The No Flagging Challenge – where people photograph or video themselves taking confederate flags from [usually] private property – has taken off after a Sarasota man’s video (screen shots pictured above) went viral. The reaction from the U.S. media and from white Americans has been essentially the same regardless of political party affiliation. While there are some differences between comments from people and news outlets on the right and those on the left, the reactions have been two sides of the same coin. This article should therefore be read neither as a praise nor a condemnation of the No Flagging Challenge, but rather as a critique of the responses to it.
On the right, most have been shouting “free speech!” (even though the First Amendment of the U.S. Constitution protects most – not all – speech from most – not all – government censorship), “that’s theft of private property!” and “nobody better trespass on my property, because I have a right to defend it and I have a shotgun!” …Or things along very similar lines. The main takeaway from this should be, conservative [white] Americans think Black Americans have no right to trespass in order to steal private property.
On the left, U.S. media and white Americans have been, on the surface, more forgiving of these Black trespassers and thieves. They say things like, “while I disagree with flying the confederate flag, a private person can still fly it on their own property. And these people are trespassing and stealing, which are technically crimes.” However, they still think a private [white] citizen has a right to fly a symbol of slavery and violent racism, and that [Black] people shouldn’t trespass on private property in order to steal these racist symbols. Self-proclaimed U.S. liberals and progressives are also expressing a very charitable (please note the sarcasm) concern for the safety of these Black trespassers and thieves. “These people are so stupid, trespassing and stealing like that, they could get shot!”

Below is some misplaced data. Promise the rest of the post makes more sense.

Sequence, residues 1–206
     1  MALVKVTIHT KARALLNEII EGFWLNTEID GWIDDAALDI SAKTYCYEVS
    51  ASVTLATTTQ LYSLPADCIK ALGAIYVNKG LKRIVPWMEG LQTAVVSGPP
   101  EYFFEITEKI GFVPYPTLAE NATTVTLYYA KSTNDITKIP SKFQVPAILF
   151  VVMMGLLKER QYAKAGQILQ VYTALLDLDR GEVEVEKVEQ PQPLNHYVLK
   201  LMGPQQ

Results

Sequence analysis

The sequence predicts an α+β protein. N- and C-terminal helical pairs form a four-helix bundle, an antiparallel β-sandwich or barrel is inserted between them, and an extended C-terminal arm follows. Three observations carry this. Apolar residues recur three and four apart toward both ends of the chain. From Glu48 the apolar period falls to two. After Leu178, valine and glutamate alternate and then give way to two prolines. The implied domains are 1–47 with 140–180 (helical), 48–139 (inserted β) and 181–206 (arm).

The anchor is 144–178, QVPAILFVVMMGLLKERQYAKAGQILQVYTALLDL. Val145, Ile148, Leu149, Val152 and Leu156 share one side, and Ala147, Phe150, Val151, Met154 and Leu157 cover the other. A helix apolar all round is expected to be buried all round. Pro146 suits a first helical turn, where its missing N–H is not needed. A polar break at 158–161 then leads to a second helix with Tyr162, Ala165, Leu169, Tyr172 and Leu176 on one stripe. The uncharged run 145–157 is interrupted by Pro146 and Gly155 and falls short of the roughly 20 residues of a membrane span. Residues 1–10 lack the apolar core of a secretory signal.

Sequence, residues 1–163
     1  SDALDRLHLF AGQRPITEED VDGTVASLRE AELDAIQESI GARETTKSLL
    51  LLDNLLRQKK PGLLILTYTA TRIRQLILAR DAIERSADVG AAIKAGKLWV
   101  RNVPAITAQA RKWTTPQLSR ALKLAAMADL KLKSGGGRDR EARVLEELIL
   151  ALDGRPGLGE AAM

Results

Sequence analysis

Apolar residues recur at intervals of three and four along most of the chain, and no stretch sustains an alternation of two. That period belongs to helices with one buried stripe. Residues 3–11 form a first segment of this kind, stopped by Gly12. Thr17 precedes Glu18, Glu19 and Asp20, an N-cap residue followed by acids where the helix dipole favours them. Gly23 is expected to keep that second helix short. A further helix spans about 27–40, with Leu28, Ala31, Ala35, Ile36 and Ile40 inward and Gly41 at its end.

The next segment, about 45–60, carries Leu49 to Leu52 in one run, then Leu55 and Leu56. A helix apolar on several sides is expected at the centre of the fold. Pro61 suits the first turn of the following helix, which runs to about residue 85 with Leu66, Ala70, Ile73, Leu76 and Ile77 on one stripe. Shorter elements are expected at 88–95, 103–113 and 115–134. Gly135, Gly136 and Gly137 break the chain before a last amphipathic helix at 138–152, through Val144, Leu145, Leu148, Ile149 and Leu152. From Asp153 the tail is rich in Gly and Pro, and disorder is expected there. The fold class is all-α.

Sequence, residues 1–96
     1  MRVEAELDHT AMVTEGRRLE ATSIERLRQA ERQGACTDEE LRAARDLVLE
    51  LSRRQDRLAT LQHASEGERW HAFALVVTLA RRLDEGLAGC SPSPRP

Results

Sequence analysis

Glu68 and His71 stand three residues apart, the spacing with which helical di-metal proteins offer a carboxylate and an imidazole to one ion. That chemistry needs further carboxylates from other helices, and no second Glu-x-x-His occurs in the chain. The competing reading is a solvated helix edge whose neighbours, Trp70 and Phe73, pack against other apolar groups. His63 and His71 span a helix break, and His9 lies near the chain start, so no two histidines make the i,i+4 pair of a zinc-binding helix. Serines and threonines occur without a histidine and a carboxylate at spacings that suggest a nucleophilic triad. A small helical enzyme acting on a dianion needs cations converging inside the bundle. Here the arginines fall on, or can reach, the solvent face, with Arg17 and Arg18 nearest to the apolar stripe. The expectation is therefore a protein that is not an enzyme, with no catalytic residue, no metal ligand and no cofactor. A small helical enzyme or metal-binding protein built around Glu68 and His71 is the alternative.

Those on the right and the left alike place heavy importance on property rights [of whites] which override any rights a [Black] person might have to live in a community that does not blatantly wave racial oppression and violence in their face. In fact, [white] rights to private property, and the protection thereof, override even Black Americans’ safety and right to not be assaulted or shot by [white] property-owners for the heinous (again, note the sarcasm) crime of trespassing on white property while being Black. These attidudes may be cloaked in individual rights rhetoric, but they are incredibly racist in three ways.
First, they contain a sort of subterranean white supremacy masquerading as individual liberty. [Mostly white] people are talking of property rights, including the right to “defend” one’s property, as if property rights are universally distributed and protected. In reality, white people have a disproportionate amount of property, and therefore a disproportionate amount of property rights. Therefore, the phrase, “property rights” becomes a euphemism for, “the unique rights and/or privileges afforded to those with property,” who are predominately white. So, when property rights are prioritized over the rights of Blacks – e.g., their right not be executed for minor crimes without due process in the “defense” of [white] private property, or their right to not have Black slavery so brazenly celebrated – white supremacy is reinforced. Whites are privileged and their interests are protected in a way that denies Black Americans legal protections and rights, places them in physical danger, and essentially slaps them in the face with a celebration of America’s racist history.